How might these concepts be applied to evaluating fidelity requirements for live fire training? Determining the answers to the questions posed in this post will require a significant research effort (and related funding). However, the first step in this process is to clarify, refine, and tightly focus the questions that this research needs to answer.

My next post will examine this interesting topic a bit further.

An Interesting Puzzle

Closely related to the topic of simulation fidelity, I was provided with an interesting puzzle by my friend Roy Reyes of the Swedish Civil Contingencies Agency. He forwarded me the following photo (Figure 4) from a fire behavior instructor course that he had conducted in Valencia, Spain. His first question was what do you see in the photo?

Figure 4. Participants Conducting Fire Behavior Demonstration 2


Note: Roy Reyes Photo

The second question is a bit more specific, why are the flames in the hot gas layer in the center, and not across the entire width of the compartment?

The answer to this question provides an important learning opportunity related to how simulator and simulation design impact on fidelity and the importance of the instructor in establishing context.

I will come back to these questions in my next post!

Ed Hartin, MS, EFO, MIFIreE, CFO


National Fire Protection Association (NFPA). (2007) NFPA 1403 Standard on Live Fire Training Evolutions. Quincy, MA: Author.

Rehman, A. (1995). A handbook of flight simulation fidelity requirements for human factors research, Report Number DOT/FAA/CT-TN95/46. Retrieved July 6, 2009 from

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2 Responses to “Live Fire Training:
Important Questions”

  1. Blog Archive » Live Fire Simulations: Key Elements of Fidelity | Compartment Fire Behavior Says:

    […] Simulations: Key Elements of Fidelity Several earlier posts (Training Fires Versus Real Fires, Live Fire Training: Important Questions) introduced the concepts of live fire training as simulation, physical fidelity, and functional […]

  2. Boulder Channel 1 » 30 years ago a training fire went bad in Boulder Full Story Says:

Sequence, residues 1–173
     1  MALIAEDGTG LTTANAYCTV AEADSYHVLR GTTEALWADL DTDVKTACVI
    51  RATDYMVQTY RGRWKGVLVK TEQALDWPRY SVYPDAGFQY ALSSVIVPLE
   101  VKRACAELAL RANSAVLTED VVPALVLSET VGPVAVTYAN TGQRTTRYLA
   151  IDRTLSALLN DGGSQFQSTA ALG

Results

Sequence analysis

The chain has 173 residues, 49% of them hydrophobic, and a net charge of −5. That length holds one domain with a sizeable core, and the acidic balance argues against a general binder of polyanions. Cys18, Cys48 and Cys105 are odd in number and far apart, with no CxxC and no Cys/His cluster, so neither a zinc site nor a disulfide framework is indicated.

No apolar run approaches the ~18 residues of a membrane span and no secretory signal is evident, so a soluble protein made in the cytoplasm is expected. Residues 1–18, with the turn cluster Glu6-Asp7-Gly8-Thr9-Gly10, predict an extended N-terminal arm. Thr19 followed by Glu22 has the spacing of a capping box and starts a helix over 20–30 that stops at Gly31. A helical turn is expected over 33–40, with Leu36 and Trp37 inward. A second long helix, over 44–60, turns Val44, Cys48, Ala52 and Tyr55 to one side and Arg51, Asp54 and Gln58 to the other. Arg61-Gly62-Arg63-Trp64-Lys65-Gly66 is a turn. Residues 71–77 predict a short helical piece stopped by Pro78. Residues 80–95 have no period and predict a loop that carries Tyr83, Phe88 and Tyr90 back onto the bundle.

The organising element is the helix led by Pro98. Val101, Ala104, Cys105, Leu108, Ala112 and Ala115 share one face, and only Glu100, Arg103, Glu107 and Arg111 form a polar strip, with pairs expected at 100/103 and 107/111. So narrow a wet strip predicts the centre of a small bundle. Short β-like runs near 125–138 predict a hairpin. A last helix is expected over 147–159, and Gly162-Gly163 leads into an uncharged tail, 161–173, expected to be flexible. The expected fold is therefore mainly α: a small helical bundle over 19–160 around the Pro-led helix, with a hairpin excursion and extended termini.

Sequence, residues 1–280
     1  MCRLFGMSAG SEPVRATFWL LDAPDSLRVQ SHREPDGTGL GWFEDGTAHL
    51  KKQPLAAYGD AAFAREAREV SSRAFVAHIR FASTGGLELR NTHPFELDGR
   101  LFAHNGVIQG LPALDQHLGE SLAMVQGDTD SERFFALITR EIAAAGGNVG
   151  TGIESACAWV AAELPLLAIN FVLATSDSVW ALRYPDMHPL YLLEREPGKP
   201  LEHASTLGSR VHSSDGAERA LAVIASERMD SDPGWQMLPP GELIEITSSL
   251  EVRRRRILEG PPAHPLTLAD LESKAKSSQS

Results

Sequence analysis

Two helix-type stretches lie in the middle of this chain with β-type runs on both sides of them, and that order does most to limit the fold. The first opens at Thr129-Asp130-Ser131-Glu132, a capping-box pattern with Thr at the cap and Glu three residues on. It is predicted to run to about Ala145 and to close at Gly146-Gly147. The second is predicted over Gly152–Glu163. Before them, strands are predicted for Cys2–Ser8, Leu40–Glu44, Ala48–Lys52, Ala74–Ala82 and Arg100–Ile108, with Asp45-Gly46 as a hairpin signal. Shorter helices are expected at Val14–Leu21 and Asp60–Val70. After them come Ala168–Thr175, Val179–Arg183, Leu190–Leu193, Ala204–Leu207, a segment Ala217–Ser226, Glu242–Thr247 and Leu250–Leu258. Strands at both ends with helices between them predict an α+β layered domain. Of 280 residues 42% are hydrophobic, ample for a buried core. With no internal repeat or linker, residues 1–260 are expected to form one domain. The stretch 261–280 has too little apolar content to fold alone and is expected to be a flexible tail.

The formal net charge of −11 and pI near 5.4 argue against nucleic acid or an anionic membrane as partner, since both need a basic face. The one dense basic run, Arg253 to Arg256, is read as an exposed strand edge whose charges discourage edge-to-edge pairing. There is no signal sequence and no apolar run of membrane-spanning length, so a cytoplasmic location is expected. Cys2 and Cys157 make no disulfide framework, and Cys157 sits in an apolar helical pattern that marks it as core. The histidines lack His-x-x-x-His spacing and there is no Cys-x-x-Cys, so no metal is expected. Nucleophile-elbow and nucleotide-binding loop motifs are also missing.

[…] • American Heat Video, “NFPA 1403 and the Boulder (CO) Incident.” • Live Fire Instructor Standards for the states of Illinois, Florida, North Carolina, Iowa, Kentucky, Pennsylvania, New York, and New Jersey. • NFPA 1403, available at • Brian P. Kazmierzak is a16-year veteran of the fire service. Since 1994, he has been employed by the Clay Fire Territory, South Bend, Indiana, where he is division chief of training and safety. He is the MABAS Division 201 Tactical Rescue Team Task Force leader and a hazmat specialist for FEMA’s US&R IN-TF1. He has two fire service related associate’s degrees and a bachelor’s degree in fire service administration, and is a recent graduate of the National Fire Academy’s Executive Fire Officer Program. He is the Close Calls editor for     Boulder firefighters killed in accident 30 years ago to be remembered at ceremony    The Boulder Fire Department will hold a remembrance ceremony for two firefighters who died during a training exercise on Jan. 26, 1982. The ceremony will be held on Thursday, Jan. 26, at Fire Station 3, 1585 30thSt. in Boulder. Thirty-year-old William J. Duran of Broomfield and 21-year-old Scott L. Smith of Longmont were inside an abandoned garage in north Boulder that was being used for a live-fire training exercise. The fire burned out of control, and the two men lost their lives. Two other firefighters, Cyrus E. Pinkerton and Daniel J. Cutler, were injured during the training. They both recovered.    The accident prompted a major change in national fire training standards that are still in place today.“The Boulder Fire Department has never forgotten the sacrifice of Firefighters Duran and Smith or the important lessons learned about providing safe live-fire training for firefighters,” said Boulder Fire Department Chief Larry Donner. “We are honored to pay our respects to the firefighters and their families on this important anniversary, and we invite the community to join us.”    The commemoration is open to the public. Seating begins at 9 a.m., and the ceremony starts at 10 a.m. The families of the fallen firefighters will be in attendance. Wreaths will be laid at the gravesites after the ceremony. » […]